Shoplifting, theft and fraud are big problems for retailers.
To give you some perspective, the National Retail Federation’s National Retail Security Survey found that inventory shrinkage (losing inventory from theft, shoplifting, error or fraud) totaled $50.6 billion in 2018, up from $46.8 billion the year before.
This rise can partly be attributed to the growing overlap between loss prevention and cybersecurity.
While eCommerce is helping retail merchants serve customers anywhere in the world, it’s also a haven for card-not-present transaction (CNP) fraud.
“These are changing times in retail and that means changes in loss prevention,” says University of Florida professor Richard Hollinger. “The challenge is for the honest to stay ahead of the dishonest.”
Let’s address the challenge of shoplifting and loss prevention head-on. In this post, you’ll learn the following:
- The definition of shoplifting
- Common shoplifting signs
- Employee theft
- How shoplifting is punished
- Civil liability for shoplifting
- State-by-state shoplifting laws
- Loss prevention techniques
What is shoplifting?
Shoplifting, or retail fraud, is the removal of merchandise from a store without paying for that merchandise. Having the intent to steal also qualifies as shoplifting. Intent to steal includes things like:
- Changing a price tag
- Removing security tags or other theft-prevention devices
- Putting merchandise in your pockets or bag
- Taking merchandise out of its packaging and concealing it
To spot a shoplifter and prevent them from stealing, however, you need to train your employees to keep an eye out for the telltale signs on your sales floor.
Thieves can be any race, gender or background—there is no standard profile but there are red flags to look out for. It’s important to note that the below characteristics do not imply guilt. Always assume positive intent with people in your store and use our loss prevention techniques to minimize the impact shoplifting has on your inventory shrinkage.
While shoplifters don’t all have the same appearance, you (or other retailers in your area) may already be aware of specific individuals who have or have tried to shoplift from your store.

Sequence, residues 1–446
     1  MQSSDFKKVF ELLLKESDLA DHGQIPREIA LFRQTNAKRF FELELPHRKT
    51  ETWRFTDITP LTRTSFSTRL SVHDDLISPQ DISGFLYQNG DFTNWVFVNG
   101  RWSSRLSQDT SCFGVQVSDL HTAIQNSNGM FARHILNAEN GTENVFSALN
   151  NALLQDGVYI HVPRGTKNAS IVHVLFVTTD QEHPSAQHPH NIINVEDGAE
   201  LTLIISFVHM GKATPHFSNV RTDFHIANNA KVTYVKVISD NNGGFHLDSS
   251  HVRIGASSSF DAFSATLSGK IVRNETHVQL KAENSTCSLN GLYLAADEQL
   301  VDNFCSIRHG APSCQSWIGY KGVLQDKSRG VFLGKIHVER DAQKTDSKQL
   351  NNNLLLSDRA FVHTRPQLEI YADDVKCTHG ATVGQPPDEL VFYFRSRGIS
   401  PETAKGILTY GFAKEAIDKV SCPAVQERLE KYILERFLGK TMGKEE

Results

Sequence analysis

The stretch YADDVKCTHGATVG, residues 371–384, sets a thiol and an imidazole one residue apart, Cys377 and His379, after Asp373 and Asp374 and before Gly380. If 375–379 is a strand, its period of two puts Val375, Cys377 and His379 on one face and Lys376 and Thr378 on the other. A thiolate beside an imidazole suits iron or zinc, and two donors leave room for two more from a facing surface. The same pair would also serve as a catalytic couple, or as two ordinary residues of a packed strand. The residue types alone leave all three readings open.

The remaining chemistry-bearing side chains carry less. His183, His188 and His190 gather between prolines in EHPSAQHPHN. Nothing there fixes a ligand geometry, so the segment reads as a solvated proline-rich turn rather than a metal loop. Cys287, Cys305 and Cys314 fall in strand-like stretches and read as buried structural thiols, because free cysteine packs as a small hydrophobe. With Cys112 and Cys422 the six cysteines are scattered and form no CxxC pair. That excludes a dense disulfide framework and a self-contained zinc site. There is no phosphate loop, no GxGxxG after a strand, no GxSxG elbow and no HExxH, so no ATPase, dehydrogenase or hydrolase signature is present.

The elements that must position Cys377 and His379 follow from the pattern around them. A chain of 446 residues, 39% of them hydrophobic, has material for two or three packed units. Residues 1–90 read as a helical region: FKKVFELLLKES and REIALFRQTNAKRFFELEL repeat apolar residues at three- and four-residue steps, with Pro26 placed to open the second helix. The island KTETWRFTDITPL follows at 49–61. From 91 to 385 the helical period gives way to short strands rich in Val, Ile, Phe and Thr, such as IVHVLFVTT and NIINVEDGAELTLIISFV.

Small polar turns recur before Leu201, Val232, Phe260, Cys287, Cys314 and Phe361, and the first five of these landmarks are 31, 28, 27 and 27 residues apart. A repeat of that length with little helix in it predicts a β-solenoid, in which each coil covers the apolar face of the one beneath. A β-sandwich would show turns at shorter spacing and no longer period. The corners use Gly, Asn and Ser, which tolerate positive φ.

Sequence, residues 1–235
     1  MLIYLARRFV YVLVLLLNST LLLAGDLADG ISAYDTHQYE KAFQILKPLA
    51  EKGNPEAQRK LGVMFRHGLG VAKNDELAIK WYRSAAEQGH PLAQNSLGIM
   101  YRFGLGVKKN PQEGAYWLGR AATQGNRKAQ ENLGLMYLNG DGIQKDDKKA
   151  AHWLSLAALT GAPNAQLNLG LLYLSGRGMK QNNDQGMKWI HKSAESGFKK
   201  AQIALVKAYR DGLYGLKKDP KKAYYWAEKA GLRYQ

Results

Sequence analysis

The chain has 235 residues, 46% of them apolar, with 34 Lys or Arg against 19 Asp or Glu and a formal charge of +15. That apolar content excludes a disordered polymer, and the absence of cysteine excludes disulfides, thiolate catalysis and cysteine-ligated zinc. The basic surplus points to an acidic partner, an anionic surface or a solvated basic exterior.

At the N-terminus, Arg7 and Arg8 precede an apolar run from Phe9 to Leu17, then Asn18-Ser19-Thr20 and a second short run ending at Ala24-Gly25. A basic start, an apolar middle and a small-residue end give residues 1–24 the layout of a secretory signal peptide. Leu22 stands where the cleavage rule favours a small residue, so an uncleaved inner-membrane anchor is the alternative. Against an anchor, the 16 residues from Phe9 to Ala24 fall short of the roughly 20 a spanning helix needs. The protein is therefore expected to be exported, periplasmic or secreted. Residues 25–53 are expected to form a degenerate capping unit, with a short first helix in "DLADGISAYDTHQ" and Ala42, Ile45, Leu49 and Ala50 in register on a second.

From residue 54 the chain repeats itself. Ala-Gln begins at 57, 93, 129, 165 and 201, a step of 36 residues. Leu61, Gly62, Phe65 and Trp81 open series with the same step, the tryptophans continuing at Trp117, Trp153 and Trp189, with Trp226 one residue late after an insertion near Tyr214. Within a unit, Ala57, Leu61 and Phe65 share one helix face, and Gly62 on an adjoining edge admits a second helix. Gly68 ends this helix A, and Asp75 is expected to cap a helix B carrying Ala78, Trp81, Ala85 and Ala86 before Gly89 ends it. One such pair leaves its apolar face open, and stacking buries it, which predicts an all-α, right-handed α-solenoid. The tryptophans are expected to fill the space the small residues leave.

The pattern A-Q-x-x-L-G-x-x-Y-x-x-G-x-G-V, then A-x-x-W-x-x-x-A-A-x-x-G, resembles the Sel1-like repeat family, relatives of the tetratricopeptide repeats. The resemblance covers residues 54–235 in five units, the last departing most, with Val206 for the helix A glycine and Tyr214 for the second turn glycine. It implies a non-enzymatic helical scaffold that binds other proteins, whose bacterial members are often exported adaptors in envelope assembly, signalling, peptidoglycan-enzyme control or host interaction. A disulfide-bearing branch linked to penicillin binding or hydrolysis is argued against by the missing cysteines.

If you’ve identified an offender after they’ve committed the act, use your security camera footage to capture an image of their face and hang them up in your employee break room so they can keep an eye out.
Likewise, share those images with retailers near you. If you all work together to spot and prevent shoplifters, you all benefit as a result.
Look out for people that don’t look like your typical customer.
Let’s say you manage a clothing store that caters to middle-aged, female professionals looking for officewear. Teenagers are not your typical clientele—if a group walks in, that’s a red flag.
Oversized clothing or big bags
Anyone wearing baggy clothes or carrying a big bag, whether it’s a backpack, duffle bag, purse or grocery bag, is potentially an offender. If a shoplifter wants to steal as much merchandise as possible, they need something to store it in. Big bags and oversized clothing are great for concealing stolen goods.
Not all shoplifters are lone wolves. Shoplifters often work as a lifter/distractor too. The distractor(s) job is to distract sales associated by asking them time-consuming questions: finding a specific item, whether or not they have a product in stock, etc. The lifter is the person doing the actual shoplifting. While the distractor keeps sales associates occupied, the lifter steals merchandise.
While it’s good to know the basics and have a watchful eye, never underestimate how wily shoplifters can be; some of them are professionals. Here are a few of their more advanced tricks shoplifters use:
- Razor blades: Some shoplifters carry thin, sharp blades (like razor blades) and use them to remove alarm tags once they’re safely in the changing room.
- Booster bags: Lining a bag with tin foil prevents alarm tags from setting off the detectors around the store exits. It’s an easy way for thieves to quickly load up on merchandise and leave the shop undetected.
Other shoplifting signs
- Watching the staff and security, not merchandise
- Avoiding eye contact
- Loitering near store exits
- Occupying dressing rooms for a long time
Also known as internal theft, employee theft is when an employee steals from the organization where they work.
The National Retail Security Survey found that retailers with 500 or fewer locations reported higher than average losses ($1,377.12) per employee-related case. This is the highest average losses have been over the past five years.
So, what can retailers do to prevent employee theft?
Many small businesses don’t use technology to track their inventory. Today, manually tracking inventory is simply insufficient and can result in overstocking. Supply Chain Digest estimated that U.S. retailers are sitting on approximately $1.43 in inventory for every $1 of sakes they make.
When the inventory in your stock room and on your sales floor isn’t accurate, dishonest employees can take advantage of their employer with little fear of consequences.
To prevent the risk of overstocking, retailers need to invest in a retail point of sale with comprehensive inventory management capabilities. Without one, they risk increased shrinkage—and worse, only becoming aware of the discrepancy during their quarterly cycle counts.
Barcodes can also help retailers avoid shrinkage because they help efficiently track inventory with a handheld scanner. If you don’t have once, you can use Lightspeed’s free barcode generator instead.